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See detailTargeted deletion of the extracellular signal-regulated protein kinase 5 attenuates hypertrophic response and promotes pressure overload-induced apoptosis in the heart.
Kimura, Tomomi E.; Jin, Jiawei; Zi, Min et al

in Circulation Research (2010), 106(5), 961-70

RATIONALE: Mitogen-activated protein kinase (MAPK) pathways provide a critical connection between extrinsic and intrinsic signals to cardiac hypertrophy. Extracellular signal-regulated protein kinase (ERK ... [more ▼]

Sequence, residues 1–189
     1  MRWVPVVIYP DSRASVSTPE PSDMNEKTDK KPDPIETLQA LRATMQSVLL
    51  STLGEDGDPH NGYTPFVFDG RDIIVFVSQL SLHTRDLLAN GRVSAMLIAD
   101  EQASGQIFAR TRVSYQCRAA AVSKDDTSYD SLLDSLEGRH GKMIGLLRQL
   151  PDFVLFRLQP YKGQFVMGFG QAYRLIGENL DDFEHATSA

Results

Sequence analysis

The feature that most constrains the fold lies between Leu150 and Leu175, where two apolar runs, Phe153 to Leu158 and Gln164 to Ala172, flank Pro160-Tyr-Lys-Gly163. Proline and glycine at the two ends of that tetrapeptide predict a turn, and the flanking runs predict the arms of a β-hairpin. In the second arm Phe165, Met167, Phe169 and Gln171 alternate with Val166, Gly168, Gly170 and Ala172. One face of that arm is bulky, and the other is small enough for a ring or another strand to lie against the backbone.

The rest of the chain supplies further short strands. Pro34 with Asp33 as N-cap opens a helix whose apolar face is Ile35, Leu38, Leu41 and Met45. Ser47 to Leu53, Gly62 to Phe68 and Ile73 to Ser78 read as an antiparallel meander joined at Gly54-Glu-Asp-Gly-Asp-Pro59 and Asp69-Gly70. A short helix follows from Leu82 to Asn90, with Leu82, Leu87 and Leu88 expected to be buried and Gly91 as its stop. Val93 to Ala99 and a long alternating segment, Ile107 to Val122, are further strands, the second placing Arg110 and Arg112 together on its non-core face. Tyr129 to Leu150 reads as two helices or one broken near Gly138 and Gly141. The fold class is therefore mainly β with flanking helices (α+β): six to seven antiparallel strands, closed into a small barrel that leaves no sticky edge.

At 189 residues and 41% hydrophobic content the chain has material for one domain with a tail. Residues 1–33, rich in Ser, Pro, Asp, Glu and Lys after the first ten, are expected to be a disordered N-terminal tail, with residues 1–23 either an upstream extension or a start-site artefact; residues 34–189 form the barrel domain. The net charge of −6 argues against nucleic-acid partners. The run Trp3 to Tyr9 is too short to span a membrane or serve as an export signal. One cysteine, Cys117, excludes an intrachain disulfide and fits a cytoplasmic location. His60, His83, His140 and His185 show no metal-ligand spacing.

RATIONALE: Mitogen-activated protein kinase (MAPK) pathways provide a critical connection between extrinsic and intrinsic signals to cardiac hypertrophy. Extracellular signal-regulated protein kinase (ERK)5, an atypical MAPK is activated in the heart by pressure overload. However, the role of ERK5 plays in regulating hypertrophic growth and hypertrophy-induced apoptosis is not completely understood. OBJECTIVE: Herein, we investigate the in vivo role and signaling mechanism whereby ERK5 regulates cardiac hypertrophy and hypertrophy-induced apoptosis. METHODS AND RESULTS: We generated and examined the phenotypes of mice with cardiomyocyte-specific deletion of the erk5 gene (ERK5(cko)). In response to hypertrophic stress, ERK5(cko) mice developed less hypertrophic growth and fibrosis than controls. However, increased apoptosis together with upregulated expression levels of p53 and Bad were observed in the mutant hearts. Consistently, we found that silencing ERK5 expression or specific inhibition of its kinase activity using BIX02189 in neonatal rat cardiomyocytes (NRCMs) reduced myocyte enhancer factor (MEF)2 transcriptional activity and blunted hypertrophic responses. Furthermore, the inhibition of MEF2 activity in NRCMs using a non-DNA binding mutant form of MEF2 was found to attenuate the ERK5-regulated hypertrophic response. CONCLUSIONS: These results reveal an important function of ERK5 in cardiac hypertrophic remodeling and cardiomyocyte survival. The role of ERK5 in hypertrophic remodeling is likely to be mediated via the regulation of MEF2 activity. [less ▲]

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